DON’T be afraid to “break down.” Let go, let it out. Soften into the pain as you tenderly work to express, and then, heal it.
DON’T be afraid of your tears – they are the first language we are given as a baby. They are our innate, natural, healthy expression of pain.
DON’T feel you need to “be strong” for others. People only say that because they are afraid of facing their own pain and/or yours. The best example you could set for yourself, and those around you – even your children – is in expressing the pain openly and honestly.
If you’re angry, DO give that anger a healthy outlet to be expressed – scream it, cry it, write it, punch it in a pillow, kick it in the wind, yell it to the sky, whiplash it onto a canvas with paint.
Whatever “negative emotions” arise, DO meet them wholeheartedly with tools of self-expression. Consider writing in a journal daily, utilizing a space of quiet reflection to douse yourself with tender self-empathy, spending time in nature to nurture your soul, channeling your feelings into creative projects like cooking, painting, writing, drawing or singing.
Although few people know how to simply “be” with the bereaved, if you are fortunate to have friends or family who can be a source of empathy and tender compassion, DO include others in your self-expression process as well. Also, consider seeking out a professional counselor who can really acknowledge your feelings, and help you begin to identify the specific hurts beneath them as you work towards healing.
Each day will bring different ebbs and flows of hurts and healing as you give yourself permission to express, honor and fully acknowledge the waves of grief. It may be hard to believe, but in this space of being broken open, you may uncover strengths and wisdom you never could have imagined before.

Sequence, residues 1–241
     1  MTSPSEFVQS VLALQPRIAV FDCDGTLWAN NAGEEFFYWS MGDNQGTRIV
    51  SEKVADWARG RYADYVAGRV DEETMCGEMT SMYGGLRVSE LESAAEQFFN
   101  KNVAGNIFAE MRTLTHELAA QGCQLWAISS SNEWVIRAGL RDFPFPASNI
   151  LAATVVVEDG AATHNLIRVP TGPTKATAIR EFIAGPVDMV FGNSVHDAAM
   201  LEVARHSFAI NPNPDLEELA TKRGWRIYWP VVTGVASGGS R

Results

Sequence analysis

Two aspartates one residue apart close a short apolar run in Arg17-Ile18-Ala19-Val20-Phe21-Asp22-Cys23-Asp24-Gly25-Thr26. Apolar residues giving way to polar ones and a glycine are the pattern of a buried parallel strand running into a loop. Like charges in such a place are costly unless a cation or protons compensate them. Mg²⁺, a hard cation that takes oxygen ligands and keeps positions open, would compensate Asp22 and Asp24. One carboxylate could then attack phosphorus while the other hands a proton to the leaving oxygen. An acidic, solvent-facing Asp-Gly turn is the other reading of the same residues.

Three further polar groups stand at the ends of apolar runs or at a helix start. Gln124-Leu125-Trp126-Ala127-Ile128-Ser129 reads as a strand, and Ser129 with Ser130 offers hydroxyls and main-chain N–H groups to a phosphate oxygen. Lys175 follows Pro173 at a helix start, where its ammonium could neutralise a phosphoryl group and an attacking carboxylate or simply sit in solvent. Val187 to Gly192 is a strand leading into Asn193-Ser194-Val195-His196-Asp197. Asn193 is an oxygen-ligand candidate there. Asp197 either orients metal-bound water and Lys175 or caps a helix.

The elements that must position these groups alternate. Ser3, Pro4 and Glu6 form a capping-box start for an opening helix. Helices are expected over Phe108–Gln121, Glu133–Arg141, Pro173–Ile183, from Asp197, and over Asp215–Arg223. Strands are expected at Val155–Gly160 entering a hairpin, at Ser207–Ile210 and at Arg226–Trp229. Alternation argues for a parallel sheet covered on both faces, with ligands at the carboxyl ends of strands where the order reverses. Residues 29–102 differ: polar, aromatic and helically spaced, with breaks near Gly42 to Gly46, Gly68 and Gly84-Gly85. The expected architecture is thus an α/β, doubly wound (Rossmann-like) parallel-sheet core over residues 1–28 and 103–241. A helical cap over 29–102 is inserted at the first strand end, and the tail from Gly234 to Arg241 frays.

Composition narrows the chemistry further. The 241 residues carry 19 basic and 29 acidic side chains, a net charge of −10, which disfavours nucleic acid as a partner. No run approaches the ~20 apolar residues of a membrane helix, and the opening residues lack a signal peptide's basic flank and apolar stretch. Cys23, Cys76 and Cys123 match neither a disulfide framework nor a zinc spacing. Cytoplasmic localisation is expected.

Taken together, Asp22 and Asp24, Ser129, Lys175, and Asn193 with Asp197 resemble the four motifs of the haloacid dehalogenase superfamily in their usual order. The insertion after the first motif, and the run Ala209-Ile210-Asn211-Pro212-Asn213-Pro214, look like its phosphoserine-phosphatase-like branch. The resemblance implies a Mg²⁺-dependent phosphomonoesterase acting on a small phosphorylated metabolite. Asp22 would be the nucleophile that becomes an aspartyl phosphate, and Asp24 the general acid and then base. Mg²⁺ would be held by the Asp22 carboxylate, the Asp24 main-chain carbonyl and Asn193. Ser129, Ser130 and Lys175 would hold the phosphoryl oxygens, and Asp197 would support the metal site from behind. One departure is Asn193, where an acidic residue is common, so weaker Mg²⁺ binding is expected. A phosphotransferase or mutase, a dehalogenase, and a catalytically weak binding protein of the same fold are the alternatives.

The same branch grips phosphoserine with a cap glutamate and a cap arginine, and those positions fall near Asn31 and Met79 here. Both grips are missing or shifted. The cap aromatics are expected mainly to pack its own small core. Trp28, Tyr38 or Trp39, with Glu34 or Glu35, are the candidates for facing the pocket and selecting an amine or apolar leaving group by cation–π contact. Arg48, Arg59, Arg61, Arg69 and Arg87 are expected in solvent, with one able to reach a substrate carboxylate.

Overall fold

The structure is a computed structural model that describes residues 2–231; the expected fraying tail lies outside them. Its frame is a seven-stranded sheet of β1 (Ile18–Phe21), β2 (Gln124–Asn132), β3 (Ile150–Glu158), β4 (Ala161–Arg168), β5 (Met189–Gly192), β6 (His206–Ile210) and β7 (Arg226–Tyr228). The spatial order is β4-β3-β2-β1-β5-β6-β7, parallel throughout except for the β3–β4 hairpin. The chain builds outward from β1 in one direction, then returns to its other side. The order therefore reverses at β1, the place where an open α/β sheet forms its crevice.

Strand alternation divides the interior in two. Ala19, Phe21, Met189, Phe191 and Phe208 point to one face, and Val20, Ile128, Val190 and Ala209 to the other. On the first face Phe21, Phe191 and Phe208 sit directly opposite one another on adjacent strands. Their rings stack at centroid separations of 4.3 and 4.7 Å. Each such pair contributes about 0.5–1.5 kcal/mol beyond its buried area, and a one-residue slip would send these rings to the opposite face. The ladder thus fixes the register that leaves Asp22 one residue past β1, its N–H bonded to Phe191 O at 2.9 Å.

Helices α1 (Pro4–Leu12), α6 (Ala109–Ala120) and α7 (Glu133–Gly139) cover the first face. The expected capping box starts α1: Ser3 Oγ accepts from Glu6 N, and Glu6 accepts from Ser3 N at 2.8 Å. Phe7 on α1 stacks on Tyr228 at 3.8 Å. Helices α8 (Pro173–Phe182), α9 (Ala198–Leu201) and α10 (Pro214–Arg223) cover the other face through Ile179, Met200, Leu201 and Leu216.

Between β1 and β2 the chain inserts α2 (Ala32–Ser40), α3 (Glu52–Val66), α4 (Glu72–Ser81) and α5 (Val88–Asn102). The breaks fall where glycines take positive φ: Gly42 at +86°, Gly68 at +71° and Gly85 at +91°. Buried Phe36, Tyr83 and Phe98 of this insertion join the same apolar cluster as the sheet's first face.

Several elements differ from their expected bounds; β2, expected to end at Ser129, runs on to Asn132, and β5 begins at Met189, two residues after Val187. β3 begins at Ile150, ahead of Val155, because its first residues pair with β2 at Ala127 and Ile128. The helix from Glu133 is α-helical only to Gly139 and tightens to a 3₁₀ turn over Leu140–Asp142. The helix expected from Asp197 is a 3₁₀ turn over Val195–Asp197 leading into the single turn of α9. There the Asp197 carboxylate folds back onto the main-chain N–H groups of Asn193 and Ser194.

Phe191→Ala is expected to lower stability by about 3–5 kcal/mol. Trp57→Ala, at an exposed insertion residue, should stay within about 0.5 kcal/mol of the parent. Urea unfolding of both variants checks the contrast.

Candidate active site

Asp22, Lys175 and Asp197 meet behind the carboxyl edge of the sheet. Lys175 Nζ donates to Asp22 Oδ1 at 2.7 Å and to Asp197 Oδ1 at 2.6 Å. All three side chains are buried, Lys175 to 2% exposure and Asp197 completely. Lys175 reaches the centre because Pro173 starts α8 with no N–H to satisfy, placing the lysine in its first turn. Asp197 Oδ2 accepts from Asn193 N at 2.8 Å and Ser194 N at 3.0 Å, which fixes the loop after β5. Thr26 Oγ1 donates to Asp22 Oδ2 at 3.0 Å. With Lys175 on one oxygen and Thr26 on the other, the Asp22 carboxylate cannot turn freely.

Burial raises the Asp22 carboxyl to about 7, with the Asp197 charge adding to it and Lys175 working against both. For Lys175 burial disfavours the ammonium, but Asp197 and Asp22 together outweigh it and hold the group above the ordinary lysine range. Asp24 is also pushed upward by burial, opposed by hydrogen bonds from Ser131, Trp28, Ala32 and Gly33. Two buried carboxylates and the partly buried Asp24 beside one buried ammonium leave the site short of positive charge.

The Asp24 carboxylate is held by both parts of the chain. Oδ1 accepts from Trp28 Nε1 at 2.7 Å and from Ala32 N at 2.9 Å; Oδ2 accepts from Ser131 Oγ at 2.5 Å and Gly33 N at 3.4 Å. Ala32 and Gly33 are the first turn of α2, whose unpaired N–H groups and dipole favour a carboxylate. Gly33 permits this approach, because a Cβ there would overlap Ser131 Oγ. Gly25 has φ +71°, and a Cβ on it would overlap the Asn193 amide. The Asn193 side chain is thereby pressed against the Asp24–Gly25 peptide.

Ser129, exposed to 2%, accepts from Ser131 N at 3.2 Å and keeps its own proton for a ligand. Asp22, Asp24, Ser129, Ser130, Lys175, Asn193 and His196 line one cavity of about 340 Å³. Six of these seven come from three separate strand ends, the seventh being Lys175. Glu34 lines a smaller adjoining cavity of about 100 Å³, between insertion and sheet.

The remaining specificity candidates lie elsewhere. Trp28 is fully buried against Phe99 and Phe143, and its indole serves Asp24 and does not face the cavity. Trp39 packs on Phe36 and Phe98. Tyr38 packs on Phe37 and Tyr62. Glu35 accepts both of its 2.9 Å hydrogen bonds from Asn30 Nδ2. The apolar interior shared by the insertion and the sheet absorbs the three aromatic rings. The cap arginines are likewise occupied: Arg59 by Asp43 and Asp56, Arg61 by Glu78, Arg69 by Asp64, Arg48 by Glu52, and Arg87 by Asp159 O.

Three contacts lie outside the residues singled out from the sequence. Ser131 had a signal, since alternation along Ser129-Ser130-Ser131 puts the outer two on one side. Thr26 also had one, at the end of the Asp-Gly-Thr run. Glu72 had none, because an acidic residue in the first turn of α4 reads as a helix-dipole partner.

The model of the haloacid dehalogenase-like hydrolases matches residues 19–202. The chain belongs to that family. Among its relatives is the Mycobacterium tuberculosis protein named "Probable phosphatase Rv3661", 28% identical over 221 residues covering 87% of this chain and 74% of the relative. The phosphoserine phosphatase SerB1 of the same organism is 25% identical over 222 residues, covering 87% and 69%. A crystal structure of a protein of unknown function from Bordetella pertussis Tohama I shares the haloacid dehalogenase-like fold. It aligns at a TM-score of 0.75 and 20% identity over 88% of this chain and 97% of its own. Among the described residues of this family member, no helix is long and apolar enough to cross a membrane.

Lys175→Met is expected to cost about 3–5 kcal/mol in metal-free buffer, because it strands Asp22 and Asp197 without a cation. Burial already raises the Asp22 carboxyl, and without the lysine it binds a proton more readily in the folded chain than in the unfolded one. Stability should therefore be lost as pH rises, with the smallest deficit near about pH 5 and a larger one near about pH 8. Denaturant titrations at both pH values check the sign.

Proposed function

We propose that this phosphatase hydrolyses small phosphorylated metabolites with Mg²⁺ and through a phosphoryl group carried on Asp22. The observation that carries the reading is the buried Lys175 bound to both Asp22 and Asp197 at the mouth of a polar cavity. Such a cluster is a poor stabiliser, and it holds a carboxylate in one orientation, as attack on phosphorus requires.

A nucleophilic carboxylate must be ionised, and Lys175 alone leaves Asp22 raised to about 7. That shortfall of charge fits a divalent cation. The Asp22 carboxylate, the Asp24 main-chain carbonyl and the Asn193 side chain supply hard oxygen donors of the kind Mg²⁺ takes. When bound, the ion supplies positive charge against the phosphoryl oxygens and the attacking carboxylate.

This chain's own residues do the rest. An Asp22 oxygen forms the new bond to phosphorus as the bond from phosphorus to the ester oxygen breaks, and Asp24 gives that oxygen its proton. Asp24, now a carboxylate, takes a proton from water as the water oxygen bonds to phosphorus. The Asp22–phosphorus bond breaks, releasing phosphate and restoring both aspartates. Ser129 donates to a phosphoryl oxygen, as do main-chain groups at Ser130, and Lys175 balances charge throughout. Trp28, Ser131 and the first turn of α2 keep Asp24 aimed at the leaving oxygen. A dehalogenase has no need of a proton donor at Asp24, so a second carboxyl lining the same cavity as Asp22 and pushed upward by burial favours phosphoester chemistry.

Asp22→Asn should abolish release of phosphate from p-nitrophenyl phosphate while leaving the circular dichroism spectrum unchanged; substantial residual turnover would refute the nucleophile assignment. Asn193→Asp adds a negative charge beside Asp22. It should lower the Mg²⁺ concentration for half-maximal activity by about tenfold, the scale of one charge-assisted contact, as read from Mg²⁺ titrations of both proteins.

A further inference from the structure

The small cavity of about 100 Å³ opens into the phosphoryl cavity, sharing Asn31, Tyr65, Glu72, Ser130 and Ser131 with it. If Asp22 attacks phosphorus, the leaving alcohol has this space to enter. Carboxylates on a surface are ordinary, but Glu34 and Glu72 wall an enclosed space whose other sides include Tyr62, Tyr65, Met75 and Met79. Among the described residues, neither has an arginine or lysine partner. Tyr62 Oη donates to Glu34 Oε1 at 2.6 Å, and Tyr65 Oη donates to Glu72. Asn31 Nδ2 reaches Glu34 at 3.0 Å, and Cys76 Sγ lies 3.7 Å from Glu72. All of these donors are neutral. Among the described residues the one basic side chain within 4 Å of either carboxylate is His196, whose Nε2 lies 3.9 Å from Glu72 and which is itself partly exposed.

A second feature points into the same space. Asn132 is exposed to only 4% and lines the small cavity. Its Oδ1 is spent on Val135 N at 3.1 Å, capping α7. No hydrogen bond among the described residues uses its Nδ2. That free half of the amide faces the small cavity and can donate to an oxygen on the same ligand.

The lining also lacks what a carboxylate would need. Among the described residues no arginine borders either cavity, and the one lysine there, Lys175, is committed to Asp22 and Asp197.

Martha Beck said it best here:
“Emotional discomfort, when accepted, rises, crests and falls in a series of waves. Each wave washes a part of us away and deposits treasures we never imagined. Out goes naivete, in comes wisdom; out goes anger, in comes discernment; out goes despair, in comes kindness. No one would call it easy, but the rhythm of emotional pain that we learn to tolerate is natural, constructive and expansive… The pain leaves you healthier than it found you.” ~Martha Beck
As you meet each day and each wave, be compassionate with yourself. Treat yourself, and your pain, like you would a child, gently leaning into the tender soft spots of the pain. Give yourself empathy as you uncover the deepest sorrows, and even joys, that surround your loss. The internal dialogue you create here becomes a powerful tool for acknowledging your pain, and beginning to transform it into a sense of peace and healing.
Remember, there is no timetable on grief. The loss of your loved one will be with you forever. Just as you go back to a gravesite to honor and acknowledge your loved one, return to yourself, again and again, taking time to continue to honor and acknowledge the pain around your loss.
Updated: August 13, 2013